It’s clear: older Australians are the solution, not the problem

Ageing population: Why older Australians are part of the solution David Kennedy In last year’s Federal Budget, Joe Hockey made
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Ageing population: Why older Australians are part of the solution

David Kennedy

In last year’s Federal Budget, Joe Hockey made drastic cuts to the eligibility criteria for the part Age Pension. Consider the couple with a family home and an additional $823,000 in assets. From January 2017 they will forego around $13,524 per year in part Age Pension payments while a single pensioner with $547,000 will lose $9,403 per year. That’s a hefty pay cut. In other words, where the Government believes you have sufficient financial means, you are now on your own.

Last night Treasurer Scott Morrison continued this theme by making sweeping changes to super and pension rules that target the top end and limit the amount wealthier Australians will accumulate in super over their lifetime.

Hockey’s reforms were about reducing growth in government spending on social security benefits, while last night’s budget was about limiting tax concessions on our retirement savings in order to save the federal budget $2.8 billion over 4 years.

Both measures are a response to the financial impact of Australia’s ageing population.

All too often, references to the population ageing describe the demographic shift in negative terms. The proliferation of older Australians is frequently described as a ‘problem’ or a ‘burden’ on the economy based on the outdated assumption that ageing is synonymous with complete cessation of work, subsequent dependence on Centrelink benefits and the absence of any further contribution to the tax base.

The reality is that more than ever, older Australians are a significant and increasingly willing part of the solution to the financial challenges of an ageing population.

I hold hundreds of conversations with over-60s clients every year and there is a noticeable trend away from the traditional notion of retirement at a pre-determined point in time (age 60 or 65) in favour of a more fulfilling and flexible progression from full-time to part-time work that may span an indefinite number of years – often well past age 65.

This is encouraging in light of a recent report prepared by Deloitte Access Economics for Chartered Accountants of Australia and New Zealand that found that a 5% increase in the participation rate amongst over-55s would lead to higher tax receipts, reduced Age Pension spending and a boost to the Australian economy of around $48 billion per year. In the context of the ongoing budget repair effort, that’s a material number!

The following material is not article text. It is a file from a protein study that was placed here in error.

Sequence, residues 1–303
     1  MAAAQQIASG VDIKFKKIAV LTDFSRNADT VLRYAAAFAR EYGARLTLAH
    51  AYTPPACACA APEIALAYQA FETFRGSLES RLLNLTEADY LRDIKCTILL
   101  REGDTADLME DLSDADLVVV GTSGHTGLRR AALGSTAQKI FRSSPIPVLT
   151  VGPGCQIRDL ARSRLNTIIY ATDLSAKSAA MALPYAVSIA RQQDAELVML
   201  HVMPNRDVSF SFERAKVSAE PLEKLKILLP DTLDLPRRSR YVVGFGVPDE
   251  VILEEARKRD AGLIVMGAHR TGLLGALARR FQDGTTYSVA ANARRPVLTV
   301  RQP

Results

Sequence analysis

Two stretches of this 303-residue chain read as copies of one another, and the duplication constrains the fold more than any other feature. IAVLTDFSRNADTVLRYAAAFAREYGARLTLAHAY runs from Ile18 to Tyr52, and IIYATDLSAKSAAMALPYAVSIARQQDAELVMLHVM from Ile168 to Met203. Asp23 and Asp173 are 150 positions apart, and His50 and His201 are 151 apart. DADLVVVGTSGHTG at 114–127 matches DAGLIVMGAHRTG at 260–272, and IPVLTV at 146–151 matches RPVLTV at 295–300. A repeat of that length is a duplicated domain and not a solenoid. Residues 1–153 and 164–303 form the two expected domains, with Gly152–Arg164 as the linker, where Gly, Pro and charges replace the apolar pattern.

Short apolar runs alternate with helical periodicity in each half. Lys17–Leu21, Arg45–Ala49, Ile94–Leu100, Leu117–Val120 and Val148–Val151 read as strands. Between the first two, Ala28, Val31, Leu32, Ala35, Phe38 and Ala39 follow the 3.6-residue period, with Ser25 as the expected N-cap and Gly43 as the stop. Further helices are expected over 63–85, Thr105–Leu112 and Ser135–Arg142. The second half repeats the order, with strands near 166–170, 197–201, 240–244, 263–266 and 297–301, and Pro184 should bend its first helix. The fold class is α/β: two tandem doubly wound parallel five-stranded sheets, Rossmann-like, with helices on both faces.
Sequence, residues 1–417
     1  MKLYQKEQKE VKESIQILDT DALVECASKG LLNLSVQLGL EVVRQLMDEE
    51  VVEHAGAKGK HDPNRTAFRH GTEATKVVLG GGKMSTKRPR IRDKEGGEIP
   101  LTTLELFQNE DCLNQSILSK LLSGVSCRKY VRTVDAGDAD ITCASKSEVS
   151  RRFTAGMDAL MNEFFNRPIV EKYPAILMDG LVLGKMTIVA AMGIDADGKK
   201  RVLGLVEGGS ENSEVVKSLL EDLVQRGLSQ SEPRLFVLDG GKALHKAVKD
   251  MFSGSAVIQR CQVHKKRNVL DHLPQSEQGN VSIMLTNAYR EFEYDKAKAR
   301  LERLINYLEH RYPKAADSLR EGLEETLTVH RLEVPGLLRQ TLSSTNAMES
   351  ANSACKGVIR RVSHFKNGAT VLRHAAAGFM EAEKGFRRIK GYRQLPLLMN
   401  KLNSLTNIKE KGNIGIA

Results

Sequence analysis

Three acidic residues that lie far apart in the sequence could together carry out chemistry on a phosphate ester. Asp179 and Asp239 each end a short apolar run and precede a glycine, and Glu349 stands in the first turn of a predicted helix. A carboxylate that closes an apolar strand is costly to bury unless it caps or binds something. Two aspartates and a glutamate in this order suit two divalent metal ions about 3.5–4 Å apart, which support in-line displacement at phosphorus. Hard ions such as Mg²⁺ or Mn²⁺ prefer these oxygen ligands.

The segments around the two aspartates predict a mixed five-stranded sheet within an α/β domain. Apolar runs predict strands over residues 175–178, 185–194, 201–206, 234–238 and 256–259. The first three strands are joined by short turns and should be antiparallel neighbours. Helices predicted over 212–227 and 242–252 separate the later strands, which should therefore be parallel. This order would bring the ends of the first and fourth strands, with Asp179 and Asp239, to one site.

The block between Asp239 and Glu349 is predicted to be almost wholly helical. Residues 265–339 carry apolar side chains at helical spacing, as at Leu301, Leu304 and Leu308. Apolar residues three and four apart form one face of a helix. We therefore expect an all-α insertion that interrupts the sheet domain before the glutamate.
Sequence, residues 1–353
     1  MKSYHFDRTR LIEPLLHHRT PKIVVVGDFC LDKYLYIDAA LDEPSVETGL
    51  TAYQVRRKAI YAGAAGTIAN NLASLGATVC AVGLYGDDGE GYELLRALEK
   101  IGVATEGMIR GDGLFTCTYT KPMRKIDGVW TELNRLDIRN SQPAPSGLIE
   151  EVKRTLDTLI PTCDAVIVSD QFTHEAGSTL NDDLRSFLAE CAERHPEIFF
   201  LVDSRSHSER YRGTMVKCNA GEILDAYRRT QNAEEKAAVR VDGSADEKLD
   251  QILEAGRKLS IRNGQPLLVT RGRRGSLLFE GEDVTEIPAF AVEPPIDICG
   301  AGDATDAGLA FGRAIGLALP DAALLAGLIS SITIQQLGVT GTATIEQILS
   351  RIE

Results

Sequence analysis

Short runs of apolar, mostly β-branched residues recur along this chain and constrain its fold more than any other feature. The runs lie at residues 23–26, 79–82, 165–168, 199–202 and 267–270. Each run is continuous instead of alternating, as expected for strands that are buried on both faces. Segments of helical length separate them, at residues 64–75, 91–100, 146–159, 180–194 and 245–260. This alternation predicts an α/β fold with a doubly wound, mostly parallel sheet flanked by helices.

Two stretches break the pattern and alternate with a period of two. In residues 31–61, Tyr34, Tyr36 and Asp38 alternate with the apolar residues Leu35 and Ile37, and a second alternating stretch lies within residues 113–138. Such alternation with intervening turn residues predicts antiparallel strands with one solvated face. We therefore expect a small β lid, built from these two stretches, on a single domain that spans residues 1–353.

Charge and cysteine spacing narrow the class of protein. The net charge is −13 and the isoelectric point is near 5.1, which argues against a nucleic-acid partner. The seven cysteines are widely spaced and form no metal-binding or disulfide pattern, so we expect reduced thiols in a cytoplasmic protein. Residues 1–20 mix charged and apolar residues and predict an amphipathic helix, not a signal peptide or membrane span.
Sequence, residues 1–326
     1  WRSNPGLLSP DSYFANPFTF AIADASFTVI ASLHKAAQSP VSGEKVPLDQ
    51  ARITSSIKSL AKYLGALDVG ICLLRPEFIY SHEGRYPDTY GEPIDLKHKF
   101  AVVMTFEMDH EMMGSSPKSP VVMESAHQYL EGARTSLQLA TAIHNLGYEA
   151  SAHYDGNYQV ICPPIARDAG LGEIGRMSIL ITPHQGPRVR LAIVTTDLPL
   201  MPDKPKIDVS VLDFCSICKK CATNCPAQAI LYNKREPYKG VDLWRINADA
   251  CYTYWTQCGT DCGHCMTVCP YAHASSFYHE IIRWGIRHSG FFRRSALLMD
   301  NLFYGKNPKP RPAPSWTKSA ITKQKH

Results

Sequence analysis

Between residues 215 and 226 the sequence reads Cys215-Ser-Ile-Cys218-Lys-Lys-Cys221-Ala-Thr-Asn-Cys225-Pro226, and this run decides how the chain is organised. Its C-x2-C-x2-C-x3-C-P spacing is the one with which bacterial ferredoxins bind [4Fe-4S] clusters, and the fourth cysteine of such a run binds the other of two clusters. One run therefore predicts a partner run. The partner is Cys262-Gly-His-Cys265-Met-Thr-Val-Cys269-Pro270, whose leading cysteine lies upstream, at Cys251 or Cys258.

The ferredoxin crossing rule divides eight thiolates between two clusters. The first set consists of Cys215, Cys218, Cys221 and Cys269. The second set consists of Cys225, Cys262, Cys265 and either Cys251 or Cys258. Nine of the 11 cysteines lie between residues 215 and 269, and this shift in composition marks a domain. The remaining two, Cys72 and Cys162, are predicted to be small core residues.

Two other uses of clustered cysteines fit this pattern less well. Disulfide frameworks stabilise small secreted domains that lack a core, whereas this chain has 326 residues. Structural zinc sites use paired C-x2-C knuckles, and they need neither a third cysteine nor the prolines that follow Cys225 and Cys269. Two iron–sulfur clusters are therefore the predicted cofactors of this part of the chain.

Last month the Australian Bureau of Statistics confirmed that the this trend is already underway with 66% of 55-64 year olds and 13% of over 65s in work (or seeking work) and these participation rates have been gradually rising over the years. Not surprisingly, a significant number of those in work are employed on a part-time basis which allows them to continue to work while making time for other lifestyle activities.

The motivations clients describe for engaging in part-time work beyond retirement age vary greatly and include the following:

  • Preference for lifestyle flexibility that allows for a balanced combination of work, family caring commitments, travel, hobbies and other community activities.
  • Financial necessity whereby clients may not yet feel they have adequate savings to allow them to stop working.
  • Desire for regular social interaction.
  • Need for ongoing mental stimulation and intellectual challenge.
  • Structure and routine is often highly valued.
  • Some still feel their identity is very much associated with their job.
  • A continuing passion for work or business subject matter.
  • Ceasing work simply feels unnatural or undesirable.
  • Fear of boredom.

While there are many motivations for working past traditional retirement age, many older Australians are willing to continue to work in some capacity provided two pre-conditions are met:

  • Sufficient work opportunities are available – this is easier said than done and is problematic for those in labour-intensive industries. There are far too many over 60s who are willing and able to work who are unable to secure employment.
  • Working conditions are flexible enough to allow them to work on their terms.

There is a lot riding on the creation of new employment opportunities for older Australians. The age of eligibility for the Age Pension is increasing to 67 which means government and the private sector must work together to come up with smarter ways to ensure those who want to work or run their own businesses are able to do so.

Age discrimination is alive and well and while incentives to employ older Australians exist, more creative thinking is needed to ensure a greater number of businesses are motivated to hire workers in their 60s across a range of industries.

As the Treasurer reminded us overnight, Australia’s economic future is at stake. Where older Australians have more opportunities to work on their terms, the size of the prize is up to $48 billion every year.

Now that’s what I call budget repair.

What do you think? Share your thoughts on last night’s Budget and David’s insight. 

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